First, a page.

Jitter Renders each line multiple times at a slight offset, giving your model hand-drawn sketched appearance. This edge rendering style does not affect inference behavior.
Color: All Same Displays all edges in the color defined in color swatch. This option does not actually change any edge color assignments you may have made, but preserves them if you choose to view them again.
Color: By Material Displays edges with an assigned material color, such as those painted with a color.
Color: By Axis Edges that aren't aligned with an axis are colored with the All Same color swatch. Also, an axis color doesn’t appear on hidden edges.

In the next table, you see all the ways you customize faces’ appearance.

Option Example Good to Know
Front Color, Back Color Sets the default color for all front and back sides of faces. Materials assigned to faces override this setting. Here a face was removed from the cube so that you can see the front color is yellow and the back color is blue.
Style: Wireframe Displays only the model’s lines. Because faces are not displayed, you can’t use face modification tools, such as the Push/Pull tool.
Style: Hidden Line Display faces without any shading or textures. Tip: This option is handy for printing only in black and white.
Style: Shaded Shades faces to simulate a light source.
Style: Shaded Using Textures Displays shading to simulate a light source and any textures applied to a face. Tip: Textures require more memory to render your model. If you experience performance problems, switch to a style without textures.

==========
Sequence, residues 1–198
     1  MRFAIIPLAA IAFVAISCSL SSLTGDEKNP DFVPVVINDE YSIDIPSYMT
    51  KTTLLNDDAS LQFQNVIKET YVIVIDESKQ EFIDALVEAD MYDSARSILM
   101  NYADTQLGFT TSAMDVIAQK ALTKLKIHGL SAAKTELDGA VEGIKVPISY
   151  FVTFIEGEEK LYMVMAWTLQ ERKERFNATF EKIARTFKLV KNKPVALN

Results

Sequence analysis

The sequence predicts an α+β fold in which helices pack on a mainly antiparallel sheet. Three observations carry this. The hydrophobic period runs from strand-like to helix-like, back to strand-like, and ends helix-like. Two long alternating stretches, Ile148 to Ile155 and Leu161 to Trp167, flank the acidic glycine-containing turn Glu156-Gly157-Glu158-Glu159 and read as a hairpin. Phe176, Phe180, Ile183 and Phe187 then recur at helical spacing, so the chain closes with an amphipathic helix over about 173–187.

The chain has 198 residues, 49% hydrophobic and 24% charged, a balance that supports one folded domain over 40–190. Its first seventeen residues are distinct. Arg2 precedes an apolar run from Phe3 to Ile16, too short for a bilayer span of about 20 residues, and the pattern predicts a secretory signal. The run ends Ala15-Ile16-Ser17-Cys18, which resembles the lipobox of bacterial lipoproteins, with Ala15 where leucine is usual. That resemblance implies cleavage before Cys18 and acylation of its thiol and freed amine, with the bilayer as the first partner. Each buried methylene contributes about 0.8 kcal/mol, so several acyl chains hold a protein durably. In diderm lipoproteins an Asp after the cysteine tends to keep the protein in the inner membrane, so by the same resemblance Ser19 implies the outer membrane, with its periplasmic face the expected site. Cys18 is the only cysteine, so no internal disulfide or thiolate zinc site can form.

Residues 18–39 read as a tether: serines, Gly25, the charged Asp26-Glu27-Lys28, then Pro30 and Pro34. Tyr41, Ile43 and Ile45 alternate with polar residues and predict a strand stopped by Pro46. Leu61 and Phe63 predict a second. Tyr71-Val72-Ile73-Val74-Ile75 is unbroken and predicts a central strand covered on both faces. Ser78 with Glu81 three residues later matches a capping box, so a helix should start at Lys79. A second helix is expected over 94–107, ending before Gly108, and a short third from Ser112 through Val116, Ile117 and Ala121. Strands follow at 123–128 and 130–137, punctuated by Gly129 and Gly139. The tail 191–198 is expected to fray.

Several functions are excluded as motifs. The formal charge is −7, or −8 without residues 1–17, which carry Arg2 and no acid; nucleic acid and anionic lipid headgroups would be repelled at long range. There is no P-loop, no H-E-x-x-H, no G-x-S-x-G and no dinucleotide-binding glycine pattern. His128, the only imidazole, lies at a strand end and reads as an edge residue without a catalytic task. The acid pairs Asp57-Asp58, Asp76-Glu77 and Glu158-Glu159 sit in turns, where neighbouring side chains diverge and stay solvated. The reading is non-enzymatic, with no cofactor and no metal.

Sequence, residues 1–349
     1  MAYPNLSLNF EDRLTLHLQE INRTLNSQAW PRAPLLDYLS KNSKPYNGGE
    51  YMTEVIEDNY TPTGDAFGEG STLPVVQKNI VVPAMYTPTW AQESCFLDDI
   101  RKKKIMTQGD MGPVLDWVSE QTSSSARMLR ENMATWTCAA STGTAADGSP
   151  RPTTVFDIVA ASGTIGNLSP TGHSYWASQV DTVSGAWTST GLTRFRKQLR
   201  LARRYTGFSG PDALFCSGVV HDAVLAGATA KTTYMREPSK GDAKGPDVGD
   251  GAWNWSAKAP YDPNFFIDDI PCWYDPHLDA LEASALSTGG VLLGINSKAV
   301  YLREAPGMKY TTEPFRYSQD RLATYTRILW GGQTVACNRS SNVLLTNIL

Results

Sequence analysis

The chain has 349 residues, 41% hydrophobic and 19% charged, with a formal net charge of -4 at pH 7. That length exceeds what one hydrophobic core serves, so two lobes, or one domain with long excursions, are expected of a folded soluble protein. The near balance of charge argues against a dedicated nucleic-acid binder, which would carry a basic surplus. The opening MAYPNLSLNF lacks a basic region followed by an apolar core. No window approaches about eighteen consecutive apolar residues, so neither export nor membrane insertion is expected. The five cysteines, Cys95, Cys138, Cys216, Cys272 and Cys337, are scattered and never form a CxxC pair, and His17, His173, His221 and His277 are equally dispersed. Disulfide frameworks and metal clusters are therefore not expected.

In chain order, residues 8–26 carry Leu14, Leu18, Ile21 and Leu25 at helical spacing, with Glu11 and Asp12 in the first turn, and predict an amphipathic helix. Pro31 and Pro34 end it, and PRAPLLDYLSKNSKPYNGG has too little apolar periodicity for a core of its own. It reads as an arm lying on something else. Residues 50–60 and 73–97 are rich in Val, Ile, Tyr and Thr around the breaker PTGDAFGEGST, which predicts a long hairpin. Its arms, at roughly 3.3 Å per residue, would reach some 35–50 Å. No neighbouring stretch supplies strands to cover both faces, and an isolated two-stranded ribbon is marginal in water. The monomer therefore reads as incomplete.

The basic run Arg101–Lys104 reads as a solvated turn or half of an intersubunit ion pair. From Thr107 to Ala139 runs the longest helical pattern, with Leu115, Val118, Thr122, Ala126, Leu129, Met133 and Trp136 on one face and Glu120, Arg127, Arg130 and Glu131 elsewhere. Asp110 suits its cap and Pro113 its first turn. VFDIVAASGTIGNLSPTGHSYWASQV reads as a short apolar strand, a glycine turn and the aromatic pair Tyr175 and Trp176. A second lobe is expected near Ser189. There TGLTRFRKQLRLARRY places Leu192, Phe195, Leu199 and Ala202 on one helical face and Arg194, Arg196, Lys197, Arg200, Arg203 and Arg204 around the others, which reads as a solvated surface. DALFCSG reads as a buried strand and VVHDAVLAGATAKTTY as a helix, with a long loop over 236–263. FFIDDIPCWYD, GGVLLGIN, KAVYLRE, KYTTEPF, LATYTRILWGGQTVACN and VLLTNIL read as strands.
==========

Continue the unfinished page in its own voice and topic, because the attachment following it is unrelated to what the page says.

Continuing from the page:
Style: Shaded Using All Same Displays faces with the default front and back face color.
X-Ray Makes all faces transparent so you can see through your model. Tip: In this mode, you can easily visualize, select, and snap to points and edges that would otherwise be hidden behind faces. However, you can’t select and infer faces that would otherwise be hidden. Faces cannot cast shadows in X-Ray mode, which is different from material transparency.
Enable Transparency Toggles global material transparency on or off.
Transparency Quality Choose among the Faster, Medium, and Nicer options. Choose between the Faster and Nicer option. Each differs in its speed and quality of transparency sorting. Faster sacrifices accuracy to provide faster rendering, whereas Nicer performs additional calculations to correctly display transparent surfaces. Tip: With Nicer selected, you can adjust the X-Ray opacity to create compelling presentation images, such as the one shown in the following figure.
With the edges in a SketchUp 3D model set to x-ray mode, you can adjust the opacity to create compelling images.

Note: X-Ray mode can be very sensitive to z-fighting, which makes overlapping faces flash or appear striped as you orbit. With opaque models, z-fighting only occurs on surfaces you can see. In X-Ray mode, you may see z-fighting on several surfaces. However, static images look quite nice.

Note: With the X-Ray faces mode set to Nicer, you may notice SketchUp running more slowly than when Faster is selected. SketchUp 2017 substantially improves SketchUp’s performance in X-Ray mode. To take advantage of these improvements, buy or upgrade your SketchUp Pro license. For details about buying or upgrading a license, as well as the different types of licenses available, see Buying or Upgrading a License.

Tip: The basic shape tools use a thin solid line. To create dashed lines, see Applying Dashed Lines to Layers.